“The top-10 equipment manufacturers offering telematics in bundle account for more than 75 percent of the total number of off-highway vehicle telematic systems across those industries globally,” Rickard Andersson, chief analyst at Berg Insight said. Berg Insight ranks Caterpillar and Komatsu as the leading off-highway vehicle telematics providers.
“Not surprisingly, the leading equipment manufacturers by market share are also by far the top players when it comes to the number of off-highway vehicle telematics subscribers”, Mr. Andersson said.
This is a natural development, he explained, in an industry where telematics has increasingly been included as standard with the machine purchase, gradually covering more models and equipment categories. “Caterpillar was the first player to reach the milestone of 1 million connected assets.”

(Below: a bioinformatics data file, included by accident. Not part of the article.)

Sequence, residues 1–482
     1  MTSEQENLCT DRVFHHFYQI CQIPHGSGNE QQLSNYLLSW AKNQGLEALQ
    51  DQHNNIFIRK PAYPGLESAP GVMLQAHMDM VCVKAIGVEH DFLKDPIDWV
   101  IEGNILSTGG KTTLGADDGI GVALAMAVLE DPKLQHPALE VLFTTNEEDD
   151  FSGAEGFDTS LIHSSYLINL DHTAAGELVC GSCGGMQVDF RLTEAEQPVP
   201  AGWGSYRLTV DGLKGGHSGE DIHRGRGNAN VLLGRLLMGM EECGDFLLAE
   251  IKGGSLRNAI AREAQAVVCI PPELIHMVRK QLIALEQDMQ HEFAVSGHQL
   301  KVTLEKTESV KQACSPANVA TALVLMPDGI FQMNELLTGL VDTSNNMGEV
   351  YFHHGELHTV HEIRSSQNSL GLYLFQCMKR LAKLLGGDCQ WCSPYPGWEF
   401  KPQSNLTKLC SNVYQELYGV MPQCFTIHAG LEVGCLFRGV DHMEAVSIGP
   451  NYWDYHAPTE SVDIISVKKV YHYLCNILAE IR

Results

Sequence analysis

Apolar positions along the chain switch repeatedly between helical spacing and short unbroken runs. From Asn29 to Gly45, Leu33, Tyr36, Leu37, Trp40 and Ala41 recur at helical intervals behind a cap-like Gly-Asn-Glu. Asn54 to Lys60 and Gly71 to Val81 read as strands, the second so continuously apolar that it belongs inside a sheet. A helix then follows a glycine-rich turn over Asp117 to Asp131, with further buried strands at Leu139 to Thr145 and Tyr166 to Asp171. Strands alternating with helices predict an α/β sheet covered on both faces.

Other major manufacturers with installed bases of more than 100,000 units include JCB, Hitachi Construction Machinery, Deere & Company, SANY, Doosan and Volvo Construction Equipment.
Volvo Construction has been using PTC‘s ThingWorx IoT platform for years now.
Several players make use of telematics data to improve customer service. Volvo Construction Equipment, Deere & Company, Hyundai Construction Machinery and JCB have all launched centralized services for the monitoring of customer machine fleets, commonly branded as machine monitoring centers or uptime centers. Such centers are typically manned by data experts who continuously analyze the aggregate machine data to identify issues and solve problems proactively to help customers increase productivity and reduce costs. “The incorporation of smart solutions using artificial intelligence (AI) and big data technologies in off-highway equipment can substantially impact worksites and industrial structures,“ Mr. Andersson wrote.